2 posts / 0 new
Last post
Printer-friendly versionSend by email

The discussion that follows was prompted by the article: Introduction. The discussion was initiated by altacomposicionorganica.
Below is the discussion so far. Feel free to add your own comments!

altacomposicionorganica (not verified)
"Capitalism is a world

"Capitalism is a world economic system which will only cease to influence the revolutionary world (that is to be) once it has been expunged from most of the world's countries"

This mate comment is a little problematic. For various reasons:

(i) "Capitalism" is a term rarely used by Marx himself

(ii) Eventhough he wasn't systematic about it, Marx tended to speak of the "capitalist mode of production" or "capitalist regime of production"

(iii) When fefering to capitalism, Marx rarely attaches de word "system". When he does speak of "system", he does this unsistematicaly and in most cases speaks of the "credit system", the "speculation system", etc.

(iv) Someone who does speak of "capitalism" as a "world system" is Wallerstein. The problem is that his theory is wrong in various crucial issues:

a) He defines capitalism mainly through circulation and not production

b) His crisis theory, based as it is on Luxemburg, doesnt really get the real law of motion inherent in the cmp (whic is based on the LTRPF)

c) His "dependency" inheritance is wrong (e.g. metropolitan states, as nations, don't really exploit backward states; the working class in the centers hasn't really been bought by surpluses extracted from the periphery; etc)

(v) To talk about the capitalist "system" isn't realy helpfull in the class struggle. Mainly because the word system echoes Parsons and Luhmanns functionalism, and the view of the "totality" of these authors isnt based on "contradiction". For Luhmann and Parsons the "system" couldn't be based on a fundamental contradiction. This is why, at least in the case of Parsons, dynamics and change always come from the "exterior" (the dynamic of the totality is not "inmanent"). For us marxists, instead, the "totality" is based on a fundamental contradiction (capital/wage labour), and change is inmanent (the working class doesnt come form the exterior of the totality)

(vi) To speak of a world "economic" system is problematic. For various reasons:

a) ¿Is it that only the "economy" has a world status? ¿What happens to politics and ideology?

b) The determinant element of "capitalism" isnt the "economy", on the contrary, is "production". When you speak of the world "economic" system, you could be arguing that is "circulation" that is determinant (and thus adopt a keynesian view) 

(vii) For all these reasons, I think we must speak of the "capitalist mode of production" (that indeed has a worldly dimension):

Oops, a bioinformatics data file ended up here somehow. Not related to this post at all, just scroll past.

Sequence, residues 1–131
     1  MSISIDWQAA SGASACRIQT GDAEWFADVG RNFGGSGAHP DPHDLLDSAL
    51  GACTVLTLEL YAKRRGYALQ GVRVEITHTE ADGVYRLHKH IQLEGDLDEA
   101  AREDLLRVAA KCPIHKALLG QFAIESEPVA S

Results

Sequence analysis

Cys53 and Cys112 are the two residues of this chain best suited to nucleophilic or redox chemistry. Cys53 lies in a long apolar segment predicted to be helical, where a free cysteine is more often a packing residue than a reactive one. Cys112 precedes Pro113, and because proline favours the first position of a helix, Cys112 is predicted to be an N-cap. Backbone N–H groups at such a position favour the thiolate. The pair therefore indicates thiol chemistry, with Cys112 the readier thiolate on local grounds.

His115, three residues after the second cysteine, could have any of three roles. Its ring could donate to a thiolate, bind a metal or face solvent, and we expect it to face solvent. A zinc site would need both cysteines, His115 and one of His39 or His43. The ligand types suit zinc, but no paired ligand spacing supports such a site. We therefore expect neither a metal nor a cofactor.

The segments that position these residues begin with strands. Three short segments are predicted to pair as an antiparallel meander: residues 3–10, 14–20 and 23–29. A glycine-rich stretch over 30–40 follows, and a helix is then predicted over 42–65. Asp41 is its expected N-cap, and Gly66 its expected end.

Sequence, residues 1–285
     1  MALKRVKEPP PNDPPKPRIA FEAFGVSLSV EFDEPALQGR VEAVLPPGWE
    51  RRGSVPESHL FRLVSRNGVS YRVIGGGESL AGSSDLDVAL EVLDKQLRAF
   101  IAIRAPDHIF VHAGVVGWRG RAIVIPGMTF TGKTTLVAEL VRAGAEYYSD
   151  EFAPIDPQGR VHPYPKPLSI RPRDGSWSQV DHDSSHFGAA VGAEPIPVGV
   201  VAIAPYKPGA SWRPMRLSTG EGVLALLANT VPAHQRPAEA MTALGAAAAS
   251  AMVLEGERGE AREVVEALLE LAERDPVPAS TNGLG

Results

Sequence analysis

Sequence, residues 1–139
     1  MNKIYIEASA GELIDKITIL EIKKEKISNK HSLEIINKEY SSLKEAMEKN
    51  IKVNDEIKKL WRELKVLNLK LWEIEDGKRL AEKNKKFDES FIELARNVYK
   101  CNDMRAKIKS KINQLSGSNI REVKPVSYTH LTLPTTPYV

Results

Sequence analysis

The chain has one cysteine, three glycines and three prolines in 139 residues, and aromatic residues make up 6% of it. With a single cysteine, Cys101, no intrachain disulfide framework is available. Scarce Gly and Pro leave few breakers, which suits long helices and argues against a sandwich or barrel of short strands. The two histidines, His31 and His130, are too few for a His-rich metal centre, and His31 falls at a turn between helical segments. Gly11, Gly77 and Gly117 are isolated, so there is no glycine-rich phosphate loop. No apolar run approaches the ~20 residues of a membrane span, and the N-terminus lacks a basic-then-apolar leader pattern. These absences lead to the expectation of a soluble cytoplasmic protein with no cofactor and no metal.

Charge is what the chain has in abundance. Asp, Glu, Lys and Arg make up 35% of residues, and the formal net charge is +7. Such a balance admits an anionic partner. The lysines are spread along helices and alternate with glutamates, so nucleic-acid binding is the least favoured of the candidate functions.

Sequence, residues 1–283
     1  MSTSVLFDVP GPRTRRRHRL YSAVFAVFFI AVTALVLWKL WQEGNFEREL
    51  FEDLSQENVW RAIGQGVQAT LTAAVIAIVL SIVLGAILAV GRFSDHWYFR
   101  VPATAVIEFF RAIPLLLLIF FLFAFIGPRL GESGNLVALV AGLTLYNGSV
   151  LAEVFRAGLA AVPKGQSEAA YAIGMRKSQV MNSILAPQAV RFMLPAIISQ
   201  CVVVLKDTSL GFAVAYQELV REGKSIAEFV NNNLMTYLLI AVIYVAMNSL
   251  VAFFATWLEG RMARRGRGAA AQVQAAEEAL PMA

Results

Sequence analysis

a) The mode of production is a concept that designates a "totality" (base + superstructure) -not only the economy

b) We speak of a mode of "production", because our totality is determined by "production"

(viii) Before 1990, capitalism wasnt present in the "communist world". Michael Roberts, Andrew Kliman, Tony Cliff, Raya Dunayevskaya and Paresh Chattopadhyay are wrong. The law of value wasnt present in the ussr. That society didnt move by the LTRPF (just look at its structural crisis: there was only one, protracted crisis). This doesnt mean that the ussr was "socialist" or in a "transition to socialism" (or communism). It was a "class society" distinct form capitalism -it what a "class society" because decisions about "what" to produce, "how much", "how" and "for whom", werent colective rights of the workers-. A class society in which, nevertheless,  workers had more benefits regarding the labour sphere (full employement, right to bargain, less structural assimetry between management and workers, etc), than they do in capitalism. In the ussr there werent particular capitals: the management of one unit of production couldn't move its capital to another sphere when the profit wasnt sufficient...

Conclusion: most elements that benefited workers in the ussr where product of a proletarian revolution (that is what  it really was). You can praise those elements (colective property, attempts to plan the economy, etc); although, the main question for communists to answer is: in which mode of production did you have (at that time) most chances to break away with class society? ¿In western capitalism or in soviet exploitative mode? ¿In which especific regions -centre, periphery, etc- of either mode? ¿In which fase of either mode? 

As you see, communists should answer "where the workers struggle has more chances", precisely to focus our efforts there, and not to support any existing model of society (there isnt a "market of societies" in which you are obliged to choose)